The significance of regular path queries (RPQs) on graph-like data structures has grown steadily over the past decade. RPQs are, often in restricted forms, part of graph-oriented query languages such as XQuery/XPath and SPARQL, and have applications in areas such as semantic, social, and biomedical networks. However, existing systems for evaluating RPQs are restricted either in the type of the graph (e.g., only trees), the type of regular expressions (e.g., only single steps), and/or the size of the graphs they can handle. No method has yet been developed that would be capable of efficiently evaluating general RPQs on large graphs, i.e., with millions of nodes/edges. We present a novel approach for answering RPQs on large graphs. Our method exploits the fact that not all labels in a graph are equally frequent. We devise an algorithm which decomposes an RPQ into a series of smaller RPQs using rare labels, i.e., elements of the query with few matches, as way-points. A search thereby is decomposed into a set of smaller search problems which are tackled in a bi-directional fashion, supported by a set of graph indexes. Comparison of our algorithm with two approaches following the traditional methods for tackling such problems, i.e., the usage of automata, reveals that (a) the automata-based methods are not able to handle large graphs due to the amount of memory they require, and that (b) our algorithm outperforms the automata-based approach, often by orders of magnitude. Another advantage of our algorithm is that it can be parallelized easily.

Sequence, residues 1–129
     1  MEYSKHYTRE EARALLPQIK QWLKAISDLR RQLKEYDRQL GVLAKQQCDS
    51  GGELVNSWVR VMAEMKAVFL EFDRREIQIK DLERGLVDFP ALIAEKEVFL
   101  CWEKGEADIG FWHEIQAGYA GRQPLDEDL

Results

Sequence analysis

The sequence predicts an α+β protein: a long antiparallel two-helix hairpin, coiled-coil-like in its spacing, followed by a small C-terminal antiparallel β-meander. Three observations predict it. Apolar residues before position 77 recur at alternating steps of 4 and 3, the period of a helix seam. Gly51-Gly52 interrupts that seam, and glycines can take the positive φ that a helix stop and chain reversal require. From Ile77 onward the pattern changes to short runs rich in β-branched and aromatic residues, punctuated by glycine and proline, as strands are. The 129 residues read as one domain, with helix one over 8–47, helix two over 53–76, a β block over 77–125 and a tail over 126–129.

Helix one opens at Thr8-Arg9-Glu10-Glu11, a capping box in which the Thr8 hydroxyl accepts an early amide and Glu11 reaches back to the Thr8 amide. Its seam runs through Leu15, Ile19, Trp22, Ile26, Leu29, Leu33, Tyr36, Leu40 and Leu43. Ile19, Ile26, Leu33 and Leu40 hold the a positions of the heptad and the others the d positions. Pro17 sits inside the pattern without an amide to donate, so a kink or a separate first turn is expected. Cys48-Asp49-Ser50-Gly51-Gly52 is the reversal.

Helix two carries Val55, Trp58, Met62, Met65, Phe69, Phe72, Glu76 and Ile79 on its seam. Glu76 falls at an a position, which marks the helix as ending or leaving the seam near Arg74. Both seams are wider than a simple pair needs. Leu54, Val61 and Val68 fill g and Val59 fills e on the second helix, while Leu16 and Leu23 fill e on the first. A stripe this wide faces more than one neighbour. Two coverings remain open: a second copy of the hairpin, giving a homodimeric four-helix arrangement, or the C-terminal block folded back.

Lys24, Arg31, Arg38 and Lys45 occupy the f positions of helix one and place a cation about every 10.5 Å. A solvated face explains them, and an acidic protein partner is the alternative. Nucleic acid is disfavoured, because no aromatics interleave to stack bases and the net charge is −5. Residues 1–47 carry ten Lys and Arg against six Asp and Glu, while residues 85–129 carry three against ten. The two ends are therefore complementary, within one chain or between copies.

About the AKSW Colloquium
This event is part of a series of events about Semantic Web technology. Please see http://wiki.aksw.org/Colloquium for further information about previous and future events. As always, Bachelor and Master students are able to get points for attendance and there is complimentary coffee and cake after the session.